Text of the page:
Entries in soils (1)


Does long term use of prescribed fire influence soil properties?

Researchers at the Morton Arboretum in Illinois compared soil properties and vegetation between sites burned for over 20 years to sites that had been left unburned. In addition to finding positive effects of fire on the vegetation of burned sites, some soil nutrients were found at higher concentrations in sites with a history of prescribed fire management. 

Implications for management:

  • The oak-dominated forests in this study managed with history of prescribed fire had greater nutrient levels compared to unburned sites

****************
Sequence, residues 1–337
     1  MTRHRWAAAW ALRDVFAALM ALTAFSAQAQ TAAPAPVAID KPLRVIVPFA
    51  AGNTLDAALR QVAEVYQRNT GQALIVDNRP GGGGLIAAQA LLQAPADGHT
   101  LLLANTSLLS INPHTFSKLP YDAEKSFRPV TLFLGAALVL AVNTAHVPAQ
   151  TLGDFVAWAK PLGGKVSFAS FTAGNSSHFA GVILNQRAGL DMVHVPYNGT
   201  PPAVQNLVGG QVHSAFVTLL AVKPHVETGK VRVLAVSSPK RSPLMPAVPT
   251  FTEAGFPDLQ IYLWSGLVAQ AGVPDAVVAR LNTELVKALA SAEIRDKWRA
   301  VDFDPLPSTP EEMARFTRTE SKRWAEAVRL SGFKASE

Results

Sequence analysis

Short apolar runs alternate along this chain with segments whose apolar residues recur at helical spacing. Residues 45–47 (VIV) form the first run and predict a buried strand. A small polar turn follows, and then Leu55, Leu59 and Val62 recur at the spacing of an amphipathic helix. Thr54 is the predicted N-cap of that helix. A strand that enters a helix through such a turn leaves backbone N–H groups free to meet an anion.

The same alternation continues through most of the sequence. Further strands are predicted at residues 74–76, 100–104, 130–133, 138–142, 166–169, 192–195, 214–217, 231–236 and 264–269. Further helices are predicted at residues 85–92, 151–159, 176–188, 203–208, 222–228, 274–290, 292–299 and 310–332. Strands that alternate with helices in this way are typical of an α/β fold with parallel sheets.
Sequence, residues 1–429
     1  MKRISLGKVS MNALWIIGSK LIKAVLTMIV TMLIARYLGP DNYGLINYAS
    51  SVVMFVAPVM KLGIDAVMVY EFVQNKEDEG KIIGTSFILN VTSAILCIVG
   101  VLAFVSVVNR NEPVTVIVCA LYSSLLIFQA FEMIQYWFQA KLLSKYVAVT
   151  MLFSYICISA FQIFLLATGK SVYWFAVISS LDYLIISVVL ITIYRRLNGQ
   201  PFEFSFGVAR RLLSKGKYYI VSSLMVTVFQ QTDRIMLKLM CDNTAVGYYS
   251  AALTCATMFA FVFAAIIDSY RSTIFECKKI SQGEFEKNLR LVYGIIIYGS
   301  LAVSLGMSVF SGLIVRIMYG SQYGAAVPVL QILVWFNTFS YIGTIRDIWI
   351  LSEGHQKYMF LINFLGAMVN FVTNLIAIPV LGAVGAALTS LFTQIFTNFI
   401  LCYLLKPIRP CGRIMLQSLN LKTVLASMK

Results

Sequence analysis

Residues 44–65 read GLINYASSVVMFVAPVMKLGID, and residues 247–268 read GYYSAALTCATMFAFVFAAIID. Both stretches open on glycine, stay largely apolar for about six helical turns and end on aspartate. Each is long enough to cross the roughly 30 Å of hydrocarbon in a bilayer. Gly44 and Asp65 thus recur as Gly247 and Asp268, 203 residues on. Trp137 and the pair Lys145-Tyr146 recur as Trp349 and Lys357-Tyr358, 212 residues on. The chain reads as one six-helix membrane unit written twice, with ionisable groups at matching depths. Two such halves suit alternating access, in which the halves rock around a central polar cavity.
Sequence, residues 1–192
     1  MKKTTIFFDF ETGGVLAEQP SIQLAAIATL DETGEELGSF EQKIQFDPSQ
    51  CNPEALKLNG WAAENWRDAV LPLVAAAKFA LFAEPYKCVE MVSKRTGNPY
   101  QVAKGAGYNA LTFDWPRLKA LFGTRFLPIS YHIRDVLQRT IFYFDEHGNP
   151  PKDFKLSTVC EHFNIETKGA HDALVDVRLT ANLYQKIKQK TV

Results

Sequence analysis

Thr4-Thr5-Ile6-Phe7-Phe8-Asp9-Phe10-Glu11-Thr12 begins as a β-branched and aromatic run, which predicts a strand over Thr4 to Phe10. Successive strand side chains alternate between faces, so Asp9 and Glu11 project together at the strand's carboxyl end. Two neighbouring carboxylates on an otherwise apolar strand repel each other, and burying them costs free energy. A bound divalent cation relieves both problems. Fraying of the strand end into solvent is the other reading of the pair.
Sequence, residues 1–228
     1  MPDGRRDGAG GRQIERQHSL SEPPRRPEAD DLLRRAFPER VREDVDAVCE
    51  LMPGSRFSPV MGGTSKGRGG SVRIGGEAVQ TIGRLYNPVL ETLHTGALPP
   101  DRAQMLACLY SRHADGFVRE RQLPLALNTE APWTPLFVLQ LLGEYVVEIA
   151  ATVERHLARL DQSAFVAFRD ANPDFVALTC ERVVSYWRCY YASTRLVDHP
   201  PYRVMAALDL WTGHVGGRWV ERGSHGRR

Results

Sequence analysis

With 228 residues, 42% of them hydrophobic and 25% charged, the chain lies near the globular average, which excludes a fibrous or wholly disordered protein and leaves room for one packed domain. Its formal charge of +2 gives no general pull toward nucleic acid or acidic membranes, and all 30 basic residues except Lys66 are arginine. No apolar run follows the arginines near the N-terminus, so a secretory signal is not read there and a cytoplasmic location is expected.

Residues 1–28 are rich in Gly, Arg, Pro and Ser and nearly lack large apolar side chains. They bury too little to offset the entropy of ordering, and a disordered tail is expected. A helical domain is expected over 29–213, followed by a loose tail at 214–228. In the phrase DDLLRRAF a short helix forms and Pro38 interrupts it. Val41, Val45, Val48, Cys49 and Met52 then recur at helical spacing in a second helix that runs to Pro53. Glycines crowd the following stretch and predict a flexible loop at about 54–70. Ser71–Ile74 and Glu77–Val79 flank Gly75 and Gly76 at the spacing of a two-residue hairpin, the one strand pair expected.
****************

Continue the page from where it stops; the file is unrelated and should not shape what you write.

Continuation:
• Management of these sites with long term low-severity fires did not result in negative impacts on soil which have been observed following high severity fires (e.g., loss of soil C, decreased invertebrate diversity)
  • The benefits of prescribed fire for productivity of oak woodlands may be the result of increased soil nutrients in addition to increased light availability

For a summary of the study's results and implications for management, you can view or download a PDF version of "Does long term use of prescribed fire influence soil properties?

This research brief for research managers summarizes the following peer-reviewed publication:

Scharenbroch, B.C., B. Nix, K.A. Jacobs, M.L. Bowles. 2012. Two decades of low-severity prescribed fire increases soil nutrient availability in a Midwestern, USA oak (Quercus) forest. Geoderma 80-91.